Short-term or Brief CounselingTherapy and the Current Mental Health System

3048 Words 13 Pages
Short-term or Brief CounselingTherapy and the Current Mental Health System


“Short-term” or “Brief Counseling/Therapy” and the current mental health system seem to be inexorably linked for at least the foreseeable future. This paper discusses the history, objectives, appropriate clientele, efficacy, and the other benefits, and short comings, of this therapeutic/counseling modality and its relevance to my present career direction, College Counseling. Cognitive-behavioral, Psychodynamic, and Gestalt applications of brief therapy/counseling methods will be addressed.

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Short-term therapy and counseling have consistently proven to be a powerful, efficient, and effective approach for resolving human emotional and behavioral problems, and it is a major force in the field of psychotherapy and counseling today (Saposnek, 1984). Although the overwhelming emphasis on brief counseling/therapy in the mental health system is a relatively recent phenomenon, the concept itself is at least as old as Freud. Freud originally viewed psychoanalysis as a research tool that had powerful therapeutic applications.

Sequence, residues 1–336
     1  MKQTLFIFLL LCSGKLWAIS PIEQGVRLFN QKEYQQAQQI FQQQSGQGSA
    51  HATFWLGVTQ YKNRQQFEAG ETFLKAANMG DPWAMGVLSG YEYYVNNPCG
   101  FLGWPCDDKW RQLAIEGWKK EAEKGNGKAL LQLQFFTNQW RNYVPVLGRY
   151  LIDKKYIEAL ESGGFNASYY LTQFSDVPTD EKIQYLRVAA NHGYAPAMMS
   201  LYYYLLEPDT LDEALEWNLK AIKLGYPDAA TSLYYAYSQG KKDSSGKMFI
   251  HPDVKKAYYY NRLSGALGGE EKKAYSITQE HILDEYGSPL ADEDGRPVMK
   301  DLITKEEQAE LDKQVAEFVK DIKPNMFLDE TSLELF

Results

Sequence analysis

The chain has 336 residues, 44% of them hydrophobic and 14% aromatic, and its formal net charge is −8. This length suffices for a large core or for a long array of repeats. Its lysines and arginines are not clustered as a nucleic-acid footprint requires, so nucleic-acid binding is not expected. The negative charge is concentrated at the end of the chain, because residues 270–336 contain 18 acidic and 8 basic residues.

Although he tried to limit his early analysis to six to twelve months, he had hoped that in time it would be superseded by more efficient methods (Saposnek, 1984; Nugent, 1994; Phillips, 1985).
According to Small (1979), “Historically, it is clear that Freud first sought a quick cure; when he began he could not foresee the developments that would lengthen the psychoanalytic process.” Who would have believed that Freud would have preferred a brief therapy over the open-ended, time- unlimited therapy process that classical psychoanalysis had become. Social changes brought on by the pressures of World War II led to a great demand for short- term interventions. “The stress-related emergencies of World War II necessitated the development of early forms of crisis intervention aimed at